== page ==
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The members of the mendicant orders generally came from the middle to lower classes of Spanish society, since entry into these orders did not require proof of nobility, but only evidence of limpieza de sangre. Individuals of aristocratic origins tended to gravitate towards the monastic orders and, in particular, towards the Hieronymites. The regular Spanish clergy was perhaps best typified by the lively body of Franciscan friars, who were thriving according to the 1787 census, with a total of 15,000 members inhabiting 700 of the 2,000 convents of male religious still in existence at that time. Another important group, especially in Castile, were the discalced or 'barefoot' religious, who followed a severe rule within the various orders. These included, in addition to the discalced Franciscans, the Carmelites, the Augustinians, the Trinitarians, and the Mercedarians. Such movements often provoked strong tensions within the original orders, as can be seen in certain Carmelite monasteries linked to the figures of Saint Teresa of Avila and Saint John of the Cross.

The Society ofJesus deserves a separate discussion. Its expansionin Spain was impressive and by the reigns of Philip III and Philip IV its numerous religious houses held some 2,000 members. However, relations between the Jesuits and the other religious orders - and in particular with the influential Dominicans -were not always cordial. But whether Jesuits or Dominicans, Augustinians or Carmelites, the regulars succeeded in creating a 'Spanish model' of religious and spiritual culture which by the early seventeenth century had established itself throughout the whole of Europe and beyond - before being overtaken and eventually giving way to a 'French model'.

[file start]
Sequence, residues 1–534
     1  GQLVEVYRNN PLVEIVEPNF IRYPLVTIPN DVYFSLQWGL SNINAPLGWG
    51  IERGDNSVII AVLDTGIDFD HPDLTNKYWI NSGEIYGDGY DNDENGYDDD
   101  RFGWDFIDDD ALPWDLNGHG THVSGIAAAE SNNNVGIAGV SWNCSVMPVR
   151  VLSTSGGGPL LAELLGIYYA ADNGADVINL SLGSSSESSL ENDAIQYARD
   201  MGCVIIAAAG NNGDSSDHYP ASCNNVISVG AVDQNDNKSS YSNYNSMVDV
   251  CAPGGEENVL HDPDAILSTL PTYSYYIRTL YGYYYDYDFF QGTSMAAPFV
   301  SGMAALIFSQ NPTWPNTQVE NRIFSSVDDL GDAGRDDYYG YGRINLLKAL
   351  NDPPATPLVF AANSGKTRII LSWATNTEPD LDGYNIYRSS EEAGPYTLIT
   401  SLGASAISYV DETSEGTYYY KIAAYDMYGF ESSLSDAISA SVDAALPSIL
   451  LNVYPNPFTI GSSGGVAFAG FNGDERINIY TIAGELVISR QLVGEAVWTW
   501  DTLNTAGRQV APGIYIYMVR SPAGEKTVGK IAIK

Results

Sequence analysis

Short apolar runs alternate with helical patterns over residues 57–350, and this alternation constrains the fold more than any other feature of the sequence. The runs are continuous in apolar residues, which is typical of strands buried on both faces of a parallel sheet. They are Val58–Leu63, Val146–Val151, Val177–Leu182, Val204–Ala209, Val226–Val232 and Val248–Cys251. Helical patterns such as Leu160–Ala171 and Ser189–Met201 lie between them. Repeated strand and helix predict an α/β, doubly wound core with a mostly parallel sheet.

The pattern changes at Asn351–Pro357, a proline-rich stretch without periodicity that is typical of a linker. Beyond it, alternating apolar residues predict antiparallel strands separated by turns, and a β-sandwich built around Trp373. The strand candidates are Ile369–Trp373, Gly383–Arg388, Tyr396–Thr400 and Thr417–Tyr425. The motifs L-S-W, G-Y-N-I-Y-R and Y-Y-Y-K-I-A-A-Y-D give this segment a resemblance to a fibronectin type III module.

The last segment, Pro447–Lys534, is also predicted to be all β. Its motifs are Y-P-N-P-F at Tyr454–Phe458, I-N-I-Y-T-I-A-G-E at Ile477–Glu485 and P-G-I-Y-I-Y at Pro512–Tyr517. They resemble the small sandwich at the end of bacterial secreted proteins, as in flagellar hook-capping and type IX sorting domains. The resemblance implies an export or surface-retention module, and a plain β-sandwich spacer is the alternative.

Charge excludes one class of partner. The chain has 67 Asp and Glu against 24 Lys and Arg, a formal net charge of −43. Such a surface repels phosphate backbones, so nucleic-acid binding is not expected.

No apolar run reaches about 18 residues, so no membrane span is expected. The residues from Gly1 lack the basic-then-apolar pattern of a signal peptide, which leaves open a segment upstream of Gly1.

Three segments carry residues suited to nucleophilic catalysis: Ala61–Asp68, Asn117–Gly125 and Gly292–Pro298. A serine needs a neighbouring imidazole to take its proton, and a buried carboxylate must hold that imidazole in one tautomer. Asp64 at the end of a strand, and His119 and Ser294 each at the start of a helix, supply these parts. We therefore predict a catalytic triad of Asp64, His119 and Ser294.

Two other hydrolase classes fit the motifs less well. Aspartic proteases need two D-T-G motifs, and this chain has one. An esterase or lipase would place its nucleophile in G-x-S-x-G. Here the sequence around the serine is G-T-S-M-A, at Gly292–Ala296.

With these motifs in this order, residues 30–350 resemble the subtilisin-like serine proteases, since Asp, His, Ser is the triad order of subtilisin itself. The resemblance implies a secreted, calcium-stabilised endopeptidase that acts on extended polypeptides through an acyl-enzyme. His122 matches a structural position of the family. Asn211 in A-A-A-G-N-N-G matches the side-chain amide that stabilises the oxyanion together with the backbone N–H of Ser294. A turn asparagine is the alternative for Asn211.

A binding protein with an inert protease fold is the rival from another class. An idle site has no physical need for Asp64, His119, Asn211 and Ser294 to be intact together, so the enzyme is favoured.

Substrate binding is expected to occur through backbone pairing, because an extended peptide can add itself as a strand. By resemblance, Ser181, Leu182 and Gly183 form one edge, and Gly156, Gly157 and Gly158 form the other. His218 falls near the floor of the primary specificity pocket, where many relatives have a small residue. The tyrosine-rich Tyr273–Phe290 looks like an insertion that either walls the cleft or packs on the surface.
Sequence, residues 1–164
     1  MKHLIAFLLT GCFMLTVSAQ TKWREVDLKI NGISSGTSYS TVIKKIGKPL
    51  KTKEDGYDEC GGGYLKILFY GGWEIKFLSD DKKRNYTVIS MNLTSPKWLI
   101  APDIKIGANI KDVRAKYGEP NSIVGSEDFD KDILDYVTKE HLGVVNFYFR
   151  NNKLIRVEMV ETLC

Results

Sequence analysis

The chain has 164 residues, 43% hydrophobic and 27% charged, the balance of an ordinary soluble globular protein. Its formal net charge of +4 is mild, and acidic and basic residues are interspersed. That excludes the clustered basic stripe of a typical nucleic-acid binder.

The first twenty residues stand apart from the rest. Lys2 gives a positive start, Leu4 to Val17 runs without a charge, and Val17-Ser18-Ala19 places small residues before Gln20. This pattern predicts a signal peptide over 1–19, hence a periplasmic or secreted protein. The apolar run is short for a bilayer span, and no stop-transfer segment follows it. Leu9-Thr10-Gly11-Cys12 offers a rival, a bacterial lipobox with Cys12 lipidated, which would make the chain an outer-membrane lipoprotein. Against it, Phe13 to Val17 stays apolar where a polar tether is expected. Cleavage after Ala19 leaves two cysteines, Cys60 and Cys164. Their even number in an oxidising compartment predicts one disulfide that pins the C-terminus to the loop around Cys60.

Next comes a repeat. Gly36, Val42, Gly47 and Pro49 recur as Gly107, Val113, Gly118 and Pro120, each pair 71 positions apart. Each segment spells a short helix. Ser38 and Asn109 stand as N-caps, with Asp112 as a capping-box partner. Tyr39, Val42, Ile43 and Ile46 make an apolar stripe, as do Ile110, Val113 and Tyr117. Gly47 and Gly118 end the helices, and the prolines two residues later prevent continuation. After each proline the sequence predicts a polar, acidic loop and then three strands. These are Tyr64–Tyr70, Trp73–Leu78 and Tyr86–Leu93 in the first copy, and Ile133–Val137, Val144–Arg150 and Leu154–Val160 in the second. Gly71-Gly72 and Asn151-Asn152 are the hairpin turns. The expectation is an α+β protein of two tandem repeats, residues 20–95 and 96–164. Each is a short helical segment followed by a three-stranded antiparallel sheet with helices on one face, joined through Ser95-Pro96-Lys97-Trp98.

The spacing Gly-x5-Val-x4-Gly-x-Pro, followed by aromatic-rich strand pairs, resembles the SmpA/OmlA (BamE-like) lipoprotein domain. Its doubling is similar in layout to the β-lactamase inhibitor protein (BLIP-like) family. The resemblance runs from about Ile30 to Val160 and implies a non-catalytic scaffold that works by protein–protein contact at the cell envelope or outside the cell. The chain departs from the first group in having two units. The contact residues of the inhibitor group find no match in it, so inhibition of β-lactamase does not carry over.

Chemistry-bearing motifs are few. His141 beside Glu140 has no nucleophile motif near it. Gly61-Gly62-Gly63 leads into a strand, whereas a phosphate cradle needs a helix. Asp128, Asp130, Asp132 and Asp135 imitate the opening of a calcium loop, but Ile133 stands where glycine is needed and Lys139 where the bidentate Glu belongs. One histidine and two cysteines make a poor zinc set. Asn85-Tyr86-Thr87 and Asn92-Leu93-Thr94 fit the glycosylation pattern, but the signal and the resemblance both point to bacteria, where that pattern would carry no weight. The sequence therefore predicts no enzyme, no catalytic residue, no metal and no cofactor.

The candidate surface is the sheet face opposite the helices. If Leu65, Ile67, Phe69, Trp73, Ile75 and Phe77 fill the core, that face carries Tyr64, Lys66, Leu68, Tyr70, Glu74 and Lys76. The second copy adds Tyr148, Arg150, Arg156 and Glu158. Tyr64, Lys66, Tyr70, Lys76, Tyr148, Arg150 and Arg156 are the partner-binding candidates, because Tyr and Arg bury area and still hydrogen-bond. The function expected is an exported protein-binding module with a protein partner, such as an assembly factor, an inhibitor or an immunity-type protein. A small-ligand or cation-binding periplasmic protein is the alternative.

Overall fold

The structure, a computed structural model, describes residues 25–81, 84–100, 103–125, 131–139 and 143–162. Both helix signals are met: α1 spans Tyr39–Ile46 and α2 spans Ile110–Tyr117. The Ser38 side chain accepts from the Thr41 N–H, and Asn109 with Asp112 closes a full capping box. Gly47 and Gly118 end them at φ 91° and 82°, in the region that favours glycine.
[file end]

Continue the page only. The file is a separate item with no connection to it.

The central crisis for the regular clergy in eighteenth-century Spain would come with the expulsion of the Jesuits in 1767. The members of this order were subjected to a highly secular polemic regarding their moral doctrines, the presumed or real extent of their wealth, and their missionary methods in the colonial territories. Their expulsion accentuated a widespread hostility against the monastic orders in general. Only the mendicant orders seemed not to have experienced such traumatic effects, thanks to their wide popularity in Iberian society.

The female convents, which numbered approximately 1,000 in the 1787 census and contained some 25,000 religious, were mostly 'open' institutions, in which post-Tridentine cloistered life was either not practised at all, or only practised with difficulty. The majority of these convents were controlled by their respective male orders. But in addition to the women religious, a phenomenon particular to Spain was the presence of the beaterios, groups of unmarried women and widows living as a community within the parish, and governed by the Augustinian rule. The concept of a 'less regular' religious life

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